As transparent as GLASS!

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As transparent as GLASS!

 

Google have recently announced the latest developments of their GLASS technology, a heads up display and more for the individual. Whilst not matching the capabilities of Jordi ‘s visor (Star Trek, The Next generation) it does not the less have some remarkable capabilities.

 

The product was first unveiled as part of a  demo at a Google launch event lat year where developers were offered early access to the device for $1,500, and Google co-founder Sergey Brin was recently spotted on New York’s subway testing the device.

 

Glass can be used to take pictures and record video, as well as share content directly via email or social networks. Voice commands such as “OK, Glass, take a picture” are used to control the device.

 

Other features appeared to include Skype-like video chats, and other related information such as weather reports and map directions and all of this information appears in a small, translucent square in the top right of the wearer’s field of vision (see photo).  It seems all menu functions are preceded with the prompt “Ok, Glass.” For example, let’s say you’re wearing the glasses. Want to take a photo of your son while you’re spinning him around in the back yard? Say “Okay, Glass, take a picture.” Want to know how to say “half pound” in Chinese while you’re pricing bok choy at a market in Shanghai? Simply say the prompt and ask “Google half pound in Chinese” and wait for the translation, which also includes audio. Want to live stream yourself on a flying trapeze? Or search photos of tiger heads before carving your ice sculpture? You get the picture. It’ll all be superimposed in the upper-right-hand-corner and it’s all just a voice command away.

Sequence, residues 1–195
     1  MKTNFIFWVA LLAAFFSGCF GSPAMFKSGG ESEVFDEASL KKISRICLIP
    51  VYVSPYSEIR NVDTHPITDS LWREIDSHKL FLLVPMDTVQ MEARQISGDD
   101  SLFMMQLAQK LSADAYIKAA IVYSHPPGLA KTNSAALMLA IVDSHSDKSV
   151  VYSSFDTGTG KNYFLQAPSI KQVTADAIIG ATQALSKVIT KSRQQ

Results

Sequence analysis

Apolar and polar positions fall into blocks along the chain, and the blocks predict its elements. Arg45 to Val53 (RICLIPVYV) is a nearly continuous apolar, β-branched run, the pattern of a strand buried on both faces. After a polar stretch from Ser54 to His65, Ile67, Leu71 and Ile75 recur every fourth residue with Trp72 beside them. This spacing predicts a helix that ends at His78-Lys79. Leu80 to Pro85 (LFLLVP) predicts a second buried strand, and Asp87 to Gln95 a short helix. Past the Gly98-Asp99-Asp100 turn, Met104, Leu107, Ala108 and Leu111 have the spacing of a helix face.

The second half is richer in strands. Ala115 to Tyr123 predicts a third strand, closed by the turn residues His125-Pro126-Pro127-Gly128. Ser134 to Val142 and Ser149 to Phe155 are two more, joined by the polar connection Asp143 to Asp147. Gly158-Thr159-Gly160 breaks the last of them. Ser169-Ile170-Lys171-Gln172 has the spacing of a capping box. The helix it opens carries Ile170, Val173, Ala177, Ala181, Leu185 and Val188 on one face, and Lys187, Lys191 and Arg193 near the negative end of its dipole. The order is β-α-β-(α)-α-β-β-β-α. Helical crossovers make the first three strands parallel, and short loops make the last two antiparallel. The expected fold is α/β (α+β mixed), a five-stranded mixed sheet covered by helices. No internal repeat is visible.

Wearable technology is seen as a major growth area for hardware makers in 2013 and beyond.

 

In 2008, Apple patented a laser-based “head mounted display system” that it suggested could stream video from its iPod, among other features. Other patents obtained by Sony and Microsoft allow for creation of miniature displays to go over users’ eyes.

 

Oakley recently launched Airwave – ski goggles with built-in sensors which provide information on an in-built screen about an owner’s speed, the size of their jumps and what music they are listening to.

 

So all good stuff …. And just around the corner. What’s the bet this stuff will be on the shelves in time for Christmas 2013?